A poem like THE CRAZY FLY is an early revelation into Rutkowski’s curiosity and interest in animal behavior. With this poem, Rutkowski showcases his knack for humor, a literary line which parallels the seriousness of the human landscape with nature. The animals in the book are often given an eccentricity comparable to wise men, BROODING BIRDS, BUTTERFLIES AND VULTURES, LEAPING BUCK ICONS, YARDBIRDS OF VERMONT.

Rutkowski makes it known he is at home in the wild. He writes with a peculiar distinction about his familiarity with screaming tree frogs – woodpecker -squadron of swallows – English sparrow – down north heron – hard-shelled arthropod.


In the ANARCHIST MANIFESTO he writes about his belief in anarchy.


I want to be the only wild one,

among law-abiding citizens.


I want to be the hyper-active youngster

among the fuddy-duddies.


I want to run amok

while everyone else goose-steps.   


I want to be the loon

among the obedient geese.


His free-spiritedness calls to the defiance and independence of frontier men. There’s a resounding honor to the American landscape, that the world outside of forestry has a community onto its own full or order and language. A walk into this space is to be treasured, revered and celebrated.

Rutkowski lends his mastering of language and vision to a difficult and certainly almost impossible Robert Frost perception of love for nature and a seemingly careful ability to translate what he senses and sees into musical tones and textures at times minimalist but often adventurous in its intention and delivery.

The poem BORDER CROSSING is point at which Rutkowski veers off onto another terrain. Here he is confronted with culture shock of a deferent kind. The themes of humanizing and placement are once again front and center.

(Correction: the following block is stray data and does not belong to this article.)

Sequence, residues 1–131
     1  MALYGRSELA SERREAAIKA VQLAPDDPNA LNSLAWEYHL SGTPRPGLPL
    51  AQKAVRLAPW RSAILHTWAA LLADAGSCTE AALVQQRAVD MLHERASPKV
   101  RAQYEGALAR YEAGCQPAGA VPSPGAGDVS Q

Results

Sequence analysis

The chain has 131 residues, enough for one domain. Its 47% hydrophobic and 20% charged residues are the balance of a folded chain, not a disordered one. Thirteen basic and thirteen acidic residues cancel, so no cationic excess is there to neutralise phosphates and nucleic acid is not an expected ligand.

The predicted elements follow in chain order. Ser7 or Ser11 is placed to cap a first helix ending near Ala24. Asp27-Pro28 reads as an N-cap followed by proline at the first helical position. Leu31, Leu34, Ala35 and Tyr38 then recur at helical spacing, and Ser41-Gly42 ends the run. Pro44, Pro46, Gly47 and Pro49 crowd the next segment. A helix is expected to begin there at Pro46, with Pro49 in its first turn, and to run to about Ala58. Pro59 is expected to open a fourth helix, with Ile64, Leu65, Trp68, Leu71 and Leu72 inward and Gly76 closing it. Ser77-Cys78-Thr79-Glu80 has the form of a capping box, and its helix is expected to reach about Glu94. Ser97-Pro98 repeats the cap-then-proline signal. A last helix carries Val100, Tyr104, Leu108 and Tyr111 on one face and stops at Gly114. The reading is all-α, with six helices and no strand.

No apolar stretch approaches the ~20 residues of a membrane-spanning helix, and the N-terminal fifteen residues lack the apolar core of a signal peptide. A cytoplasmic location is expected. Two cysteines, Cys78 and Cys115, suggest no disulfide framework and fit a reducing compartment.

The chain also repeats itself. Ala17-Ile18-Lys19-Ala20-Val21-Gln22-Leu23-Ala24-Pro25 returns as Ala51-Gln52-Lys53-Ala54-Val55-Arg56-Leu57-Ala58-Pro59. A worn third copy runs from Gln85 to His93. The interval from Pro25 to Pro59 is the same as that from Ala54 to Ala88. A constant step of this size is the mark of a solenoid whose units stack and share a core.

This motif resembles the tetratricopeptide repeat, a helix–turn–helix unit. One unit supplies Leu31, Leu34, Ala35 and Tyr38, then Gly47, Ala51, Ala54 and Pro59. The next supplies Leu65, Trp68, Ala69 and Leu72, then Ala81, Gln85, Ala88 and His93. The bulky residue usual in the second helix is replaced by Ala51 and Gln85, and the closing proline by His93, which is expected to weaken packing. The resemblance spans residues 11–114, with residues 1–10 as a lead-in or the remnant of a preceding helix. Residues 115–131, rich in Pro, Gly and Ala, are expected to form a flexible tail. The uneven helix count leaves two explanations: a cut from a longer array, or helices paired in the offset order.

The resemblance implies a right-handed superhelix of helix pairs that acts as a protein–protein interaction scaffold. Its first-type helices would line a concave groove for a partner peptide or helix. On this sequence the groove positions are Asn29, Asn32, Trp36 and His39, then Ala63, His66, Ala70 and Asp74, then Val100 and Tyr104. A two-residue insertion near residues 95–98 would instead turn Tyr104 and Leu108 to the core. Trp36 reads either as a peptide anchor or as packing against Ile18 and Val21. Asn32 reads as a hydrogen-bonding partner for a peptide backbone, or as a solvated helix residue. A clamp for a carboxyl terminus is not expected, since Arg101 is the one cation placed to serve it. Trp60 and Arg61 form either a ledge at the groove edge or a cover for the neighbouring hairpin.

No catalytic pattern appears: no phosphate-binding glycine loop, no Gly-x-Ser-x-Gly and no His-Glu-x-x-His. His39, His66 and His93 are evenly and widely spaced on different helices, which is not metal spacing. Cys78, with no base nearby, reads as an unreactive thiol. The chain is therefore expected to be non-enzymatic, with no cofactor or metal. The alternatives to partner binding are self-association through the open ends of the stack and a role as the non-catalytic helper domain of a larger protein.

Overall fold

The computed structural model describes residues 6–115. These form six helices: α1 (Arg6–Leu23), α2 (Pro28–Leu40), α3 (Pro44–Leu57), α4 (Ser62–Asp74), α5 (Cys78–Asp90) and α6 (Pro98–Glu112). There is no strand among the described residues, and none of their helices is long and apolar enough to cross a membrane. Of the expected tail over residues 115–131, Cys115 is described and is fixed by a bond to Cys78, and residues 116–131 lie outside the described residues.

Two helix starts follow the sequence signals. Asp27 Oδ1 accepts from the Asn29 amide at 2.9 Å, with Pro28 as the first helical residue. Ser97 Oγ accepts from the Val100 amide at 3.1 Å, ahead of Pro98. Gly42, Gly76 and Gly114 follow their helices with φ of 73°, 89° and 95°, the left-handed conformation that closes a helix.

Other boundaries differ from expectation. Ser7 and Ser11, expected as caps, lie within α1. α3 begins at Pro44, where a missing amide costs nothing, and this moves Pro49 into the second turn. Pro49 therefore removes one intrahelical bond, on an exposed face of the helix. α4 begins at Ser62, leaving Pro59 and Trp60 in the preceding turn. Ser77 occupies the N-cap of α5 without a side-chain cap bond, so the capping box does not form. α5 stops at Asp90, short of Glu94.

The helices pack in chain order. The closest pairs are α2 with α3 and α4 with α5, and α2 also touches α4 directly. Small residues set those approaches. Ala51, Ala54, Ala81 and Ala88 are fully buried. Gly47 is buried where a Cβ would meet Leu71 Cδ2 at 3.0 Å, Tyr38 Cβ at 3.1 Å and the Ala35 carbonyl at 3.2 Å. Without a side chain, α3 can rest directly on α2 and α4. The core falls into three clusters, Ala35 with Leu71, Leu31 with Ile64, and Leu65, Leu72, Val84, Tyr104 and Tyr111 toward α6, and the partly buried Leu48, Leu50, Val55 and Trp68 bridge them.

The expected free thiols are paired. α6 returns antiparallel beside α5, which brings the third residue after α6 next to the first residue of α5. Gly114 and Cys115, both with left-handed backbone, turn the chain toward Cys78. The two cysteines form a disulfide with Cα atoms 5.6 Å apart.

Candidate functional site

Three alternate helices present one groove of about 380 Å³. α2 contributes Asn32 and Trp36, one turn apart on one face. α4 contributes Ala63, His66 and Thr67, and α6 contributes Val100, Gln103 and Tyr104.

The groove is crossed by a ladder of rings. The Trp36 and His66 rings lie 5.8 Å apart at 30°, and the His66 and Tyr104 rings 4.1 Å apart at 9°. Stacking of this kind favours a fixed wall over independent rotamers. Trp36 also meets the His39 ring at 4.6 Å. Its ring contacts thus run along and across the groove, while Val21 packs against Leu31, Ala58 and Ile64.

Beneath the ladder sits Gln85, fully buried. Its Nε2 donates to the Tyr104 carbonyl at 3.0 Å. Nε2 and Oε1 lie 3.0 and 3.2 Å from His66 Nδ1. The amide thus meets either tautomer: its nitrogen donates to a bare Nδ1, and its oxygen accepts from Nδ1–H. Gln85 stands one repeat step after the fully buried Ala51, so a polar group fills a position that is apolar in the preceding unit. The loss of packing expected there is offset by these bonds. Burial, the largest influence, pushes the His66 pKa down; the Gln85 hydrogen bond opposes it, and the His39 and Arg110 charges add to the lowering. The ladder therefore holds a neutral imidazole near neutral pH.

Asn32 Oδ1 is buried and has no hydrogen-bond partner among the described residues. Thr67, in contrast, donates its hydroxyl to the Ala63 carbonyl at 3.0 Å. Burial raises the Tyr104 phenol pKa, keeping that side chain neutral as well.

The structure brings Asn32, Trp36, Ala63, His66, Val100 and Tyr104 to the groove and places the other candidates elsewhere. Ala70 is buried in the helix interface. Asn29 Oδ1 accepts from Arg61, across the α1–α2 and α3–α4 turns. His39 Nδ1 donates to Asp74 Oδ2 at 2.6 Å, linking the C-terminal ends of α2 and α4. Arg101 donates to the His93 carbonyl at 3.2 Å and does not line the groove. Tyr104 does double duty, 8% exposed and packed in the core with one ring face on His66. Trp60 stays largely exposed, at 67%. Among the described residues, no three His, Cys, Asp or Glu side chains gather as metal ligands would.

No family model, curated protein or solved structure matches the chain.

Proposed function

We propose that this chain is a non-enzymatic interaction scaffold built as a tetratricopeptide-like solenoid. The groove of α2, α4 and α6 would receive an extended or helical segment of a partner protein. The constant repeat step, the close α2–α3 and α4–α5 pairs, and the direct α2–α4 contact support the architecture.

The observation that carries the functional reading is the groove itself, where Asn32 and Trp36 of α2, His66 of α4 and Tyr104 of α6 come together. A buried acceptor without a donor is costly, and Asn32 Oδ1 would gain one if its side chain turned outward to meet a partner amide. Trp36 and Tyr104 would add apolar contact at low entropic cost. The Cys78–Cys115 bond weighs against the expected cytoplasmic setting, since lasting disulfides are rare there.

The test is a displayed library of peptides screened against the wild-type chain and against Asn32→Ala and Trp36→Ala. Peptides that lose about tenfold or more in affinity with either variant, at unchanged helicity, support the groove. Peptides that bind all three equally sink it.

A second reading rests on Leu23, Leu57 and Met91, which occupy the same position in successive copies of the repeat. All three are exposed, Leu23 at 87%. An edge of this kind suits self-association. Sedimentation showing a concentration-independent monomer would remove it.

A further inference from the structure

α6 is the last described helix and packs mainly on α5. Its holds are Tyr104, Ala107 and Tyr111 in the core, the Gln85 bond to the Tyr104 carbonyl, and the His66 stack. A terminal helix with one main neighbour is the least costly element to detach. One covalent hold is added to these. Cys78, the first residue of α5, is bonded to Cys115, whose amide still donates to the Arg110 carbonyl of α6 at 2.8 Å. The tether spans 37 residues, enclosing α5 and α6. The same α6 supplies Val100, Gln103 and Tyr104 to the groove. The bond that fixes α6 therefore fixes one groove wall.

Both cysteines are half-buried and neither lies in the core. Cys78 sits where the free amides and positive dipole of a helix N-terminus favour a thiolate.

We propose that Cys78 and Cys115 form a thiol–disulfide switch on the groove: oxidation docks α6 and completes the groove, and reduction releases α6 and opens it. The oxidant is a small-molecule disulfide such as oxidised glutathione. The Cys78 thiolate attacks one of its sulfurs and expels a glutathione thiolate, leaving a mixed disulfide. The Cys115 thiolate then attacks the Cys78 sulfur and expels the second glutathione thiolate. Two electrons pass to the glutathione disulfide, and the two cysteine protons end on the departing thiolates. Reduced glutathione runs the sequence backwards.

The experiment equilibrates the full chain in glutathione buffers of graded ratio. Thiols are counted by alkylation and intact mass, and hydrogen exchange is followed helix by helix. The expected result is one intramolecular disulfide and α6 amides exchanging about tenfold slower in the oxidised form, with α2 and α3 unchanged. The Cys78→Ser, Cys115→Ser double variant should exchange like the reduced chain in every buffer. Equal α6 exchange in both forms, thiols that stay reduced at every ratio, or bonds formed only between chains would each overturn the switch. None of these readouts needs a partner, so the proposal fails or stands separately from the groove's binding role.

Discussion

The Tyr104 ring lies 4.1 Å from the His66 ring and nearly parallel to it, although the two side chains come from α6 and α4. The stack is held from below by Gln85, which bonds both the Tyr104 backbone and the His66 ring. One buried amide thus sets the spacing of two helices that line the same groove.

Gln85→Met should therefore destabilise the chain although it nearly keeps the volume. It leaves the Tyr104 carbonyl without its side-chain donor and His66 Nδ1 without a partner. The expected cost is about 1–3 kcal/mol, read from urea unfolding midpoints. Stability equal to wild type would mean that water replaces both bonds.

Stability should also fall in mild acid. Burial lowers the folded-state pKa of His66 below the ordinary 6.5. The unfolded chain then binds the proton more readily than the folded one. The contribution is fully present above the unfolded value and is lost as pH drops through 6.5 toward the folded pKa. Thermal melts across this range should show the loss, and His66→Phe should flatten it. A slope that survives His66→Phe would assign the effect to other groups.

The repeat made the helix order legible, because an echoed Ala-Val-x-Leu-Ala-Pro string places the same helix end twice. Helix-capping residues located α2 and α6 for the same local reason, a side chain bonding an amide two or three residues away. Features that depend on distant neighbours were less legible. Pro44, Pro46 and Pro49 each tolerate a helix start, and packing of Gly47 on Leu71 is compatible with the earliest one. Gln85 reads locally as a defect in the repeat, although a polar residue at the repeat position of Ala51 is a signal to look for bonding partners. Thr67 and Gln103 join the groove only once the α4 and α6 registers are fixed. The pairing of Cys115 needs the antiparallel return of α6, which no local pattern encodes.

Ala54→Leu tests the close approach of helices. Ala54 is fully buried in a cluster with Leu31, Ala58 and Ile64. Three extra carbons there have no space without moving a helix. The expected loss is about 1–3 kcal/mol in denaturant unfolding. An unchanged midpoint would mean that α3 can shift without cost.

So let’s think twice before we cross

the twenty yards of no-man’s-land.

I know you want to get there

As fast as we can.


In the poems that follow, he deals with acculturation, especially that of a culinary nature. His familiarity of land and space is challenged, bringing awareness to his ability to adapt, grow comfortable in a strange world.

HONG KONG, the poem, brings to mind the adventurism of Anthony Bourdain.


I wanted to eat fried scorpions,

or at least chocolate-covered grasshoppers.

But instead I ate chicken a la king at a KFC.

I was told snake was a popular food,

and the idea of snake struck me.

but the reality was, snake was out of season.


The theme of modernism crosses over towards the latter half of the book when the poems broaden the scope of nature and land into a David Hockney transference and imagining of a city scape.

The inspiration therefore is survival and instinct, concerns for health, the poem ACUPUNCTURE, in which he writes about pleasant music and Eastern medicine, activities like bike riding, doing arm exercises, reference to panhandling and plastic surgery, all give an impression of the all-too-important shift in the approach to living, adapting to one’s surroundings.

The order for living changes from the animals in nature to neighbors and search for human life. The poem, NIGHT ROADS, features an appropriate line by Rutkowski.


I went around turns as fast as I could,

Snaking between illuminated trees,

Searching for the habitation

that was somewhere ahead.

With border crossings, Thaddeus Rutkowski brings his adept precision as fiction writer, at times comical with cynicism, courageous in taking a chance to say or describe something we are all too familiar with only he writes about it with serious and defiant fierceness, to a book about being a stranger in a strange land, at times welcoming, sometimes not.

He more than writes, but paints with a simple stroke, often he envisions a scene or moment which he captures as a potential film or photograph.

These are more than poems; they are necessary interventions in what would be somewhat of an ordinary life.

Here Rutkowski makes magic with air, words as reflections of an inner wisdom, they catch light, disappear, return to shock and amaze.